John Wooden, Legendary Basketball Coach, Dead At 99 : The Two-Way Sports and basketball have lost a titan with the news that Coach John Wooden has died at age 99.

John Wooden, Legendary Basketball Coach, Dead At 99

UCLA basketball coach John Wooden listens to Greg Lee, left, during a time out in game against the University of Iowa in Chicago, Jan. 17, 1974 during his team's record 88-game win streak. AP Photo hide caption

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AP Photo

UCLA basketball coach John Wooden listens to Greg Lee, left, during a time out in game against the University of Iowa in Chicago, Jan. 17, 1974 during his team's record 88-game win streak.

AP Photo

Sports and basketball have lost a titan. Coach John Wooden has died at age 99.

For decades of basketball lovers, Wooden was the epitome of the coach as winner and champion. His UCLA men's basketball teams won ten national titles and still own the longest college basketball win streak -- 88 games.

But the man known as the Wizard of Westwood also epitomized the sports coach as teacher and moral exemplar, according to his players, some of whom became the biggest stars in the game, players like Kareem Abdul Jabbar, Bill Walton and Jamaal Wilkes.

Earlier this week, it became clear that Wooden was nearing the end of his long life when word came from Los Angeles that he had been admitted to the Ronald Reagan UCLA Medical Center. His condition was described as grave.

While Wooden was not merely elderly but super elderly, many people who saw him either in person are on video in recent years were amazed at how acute his mind was for a man well past 90.

That was true even into his last days. An excerpt from an Associated Press story:

Former UCLA and Los Angeles Lakers star Jamaal Wilkes told The Associated Press that he visited Wooden in his hospital room twice this week and they chatted briefly.

Wilkes said Wooden recognized him and that the coach's mind remains "sharp as a tack," although he said the 99-year-old Wooden's body is "very, very frail."

During his second visit on Wednesday night, Wilkes asked Wooden if he recognized him.

"His glasses fogged up and he had to clean his glasses," Wilkes said. "He looked at me and said, 'I remember you, now go sit down.'"

Even into his 90s, Wooden was a presence at UCLA games, watching from a place of honor and, when asked, offering advice to Bruins players.

But it was as the basketball coach of the most dominant college basketball team in the nation that Wooden will be remembered by many who can see him, in their mind's eye, watching his players perform from his spot on the sidelines, his program rolled up.

Born in Indiana in 1910, Wooden maintained a studied, professorial exterior with old-fashioned Midwestern manners. What wasn't readily apparent to many fans, according to those who played for him, was that he had a keen sense of humor.

Many who appreciated him from a far also didn't know that, using his rolled up program as a megaphone, Wooden would often toss a few well-chosen words of rebuke at officials whose calls he disagreed with. The program kept TV viewers from reading his lips.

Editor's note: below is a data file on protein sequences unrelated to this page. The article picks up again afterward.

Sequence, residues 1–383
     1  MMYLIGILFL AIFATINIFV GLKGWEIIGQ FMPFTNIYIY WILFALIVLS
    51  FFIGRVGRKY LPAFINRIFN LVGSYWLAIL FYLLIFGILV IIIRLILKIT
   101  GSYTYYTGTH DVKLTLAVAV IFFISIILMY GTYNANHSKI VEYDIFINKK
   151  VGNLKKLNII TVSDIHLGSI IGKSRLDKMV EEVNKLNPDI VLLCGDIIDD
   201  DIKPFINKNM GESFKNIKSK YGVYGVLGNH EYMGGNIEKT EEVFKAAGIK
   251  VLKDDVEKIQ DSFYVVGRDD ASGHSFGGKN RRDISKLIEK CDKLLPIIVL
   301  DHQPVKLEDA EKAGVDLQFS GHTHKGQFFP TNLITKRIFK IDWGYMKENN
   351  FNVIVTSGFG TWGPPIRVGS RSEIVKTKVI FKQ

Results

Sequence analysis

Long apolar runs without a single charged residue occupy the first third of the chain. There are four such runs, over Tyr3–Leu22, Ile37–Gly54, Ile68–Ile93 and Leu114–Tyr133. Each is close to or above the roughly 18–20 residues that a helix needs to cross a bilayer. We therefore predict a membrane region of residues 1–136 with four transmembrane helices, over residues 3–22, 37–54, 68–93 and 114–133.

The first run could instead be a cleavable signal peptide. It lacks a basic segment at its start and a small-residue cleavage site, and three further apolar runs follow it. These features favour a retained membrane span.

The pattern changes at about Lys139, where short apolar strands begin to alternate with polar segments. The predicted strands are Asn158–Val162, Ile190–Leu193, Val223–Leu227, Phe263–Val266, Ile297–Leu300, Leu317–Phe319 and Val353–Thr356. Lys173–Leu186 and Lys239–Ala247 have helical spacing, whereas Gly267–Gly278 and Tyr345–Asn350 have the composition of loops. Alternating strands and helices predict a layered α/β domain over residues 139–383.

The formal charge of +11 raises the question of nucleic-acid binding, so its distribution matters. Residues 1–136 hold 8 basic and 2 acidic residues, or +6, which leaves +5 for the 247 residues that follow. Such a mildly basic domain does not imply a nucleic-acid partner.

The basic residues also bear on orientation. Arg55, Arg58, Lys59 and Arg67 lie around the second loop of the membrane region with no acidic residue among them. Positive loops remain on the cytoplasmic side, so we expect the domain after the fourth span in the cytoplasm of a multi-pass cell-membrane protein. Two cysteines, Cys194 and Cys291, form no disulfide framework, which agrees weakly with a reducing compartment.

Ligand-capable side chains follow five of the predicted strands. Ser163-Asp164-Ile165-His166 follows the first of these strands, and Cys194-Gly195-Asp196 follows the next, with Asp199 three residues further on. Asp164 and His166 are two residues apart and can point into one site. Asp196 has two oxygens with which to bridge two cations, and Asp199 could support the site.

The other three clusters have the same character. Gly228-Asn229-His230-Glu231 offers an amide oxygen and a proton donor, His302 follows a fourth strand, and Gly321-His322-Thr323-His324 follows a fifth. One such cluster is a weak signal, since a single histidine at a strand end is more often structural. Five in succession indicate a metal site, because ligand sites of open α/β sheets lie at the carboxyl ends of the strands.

Wooden was not just about basketball, although he excelled at it, first as a player, becoming an All-American at Purdue, and then as a coach.

He was also about teaching. He taught high school English and had a master's degree in education. Of all things, he was truly passionate about poetry.

Wooden gave a TED talk in 2001 in which he explains how his view of success and his love for teaching.

Also, considering that he was raised in rural Indiana at a time when racism was prevalent in that state, Wooden was advanced for his time and place on the race issue.

In 1947, As a coach at Indiana Teachers College, which later became Indiana State University, Wooden's winning team was invited to the NAIA tournament in Kansas City which banned black players. Wooden refused to go.

From an article on the Indiana State web site:

"They wouldn't permit a colored boy to play in the tournament and I had one on my team -- Clarence Walker out of East Chicago," he recalled. "While he wasn't one that got to play very much at all, he still was a member of my team and I wouldn't take the team without him."

The next season, after finishing 27-7, the team was invited to the tournament again. Wooden refused the invitation. The NAIA relented and allowed Walker to come, but he couldn't stay in the hotel with the team. That concession didn't sit well with the coach either.

"Due to persuasion from the NAACP, Dr. Tirey and others who felt it would be a good thing to go, I said okay," Wooden said.

The team made the trip to Kansas City, where Walker stayed with an African-American minister and the team ate meals in a private dining room.

"We had no problems," he recalled, "We had more problems driving from Terre Haute to Kansas City where the tournament was played because we stopped at some places that wouldn't let him [Walker] come in, so I wouldn't let anybody go in."

As you'd expect, UCLA has a tribute web site to Wooden. It includes the following video:

Another good site for those wanting more on Wooden is sponsored by McDonald's.

There's an especially funny story by Walton who tells how the coach would instruct new recruits in how to put his socks and sneakers on. Apparently, Wooden took nothing for granted..

The Los Angeles Times has lengthy photo gallery of Wooden as a player, coach and in retirement.

While the debate over who is the greatest basketball player of all time will no doubt rage endlessly, to many minds the question of who was the greatest coach is more open and shut. It was Coach Wooden.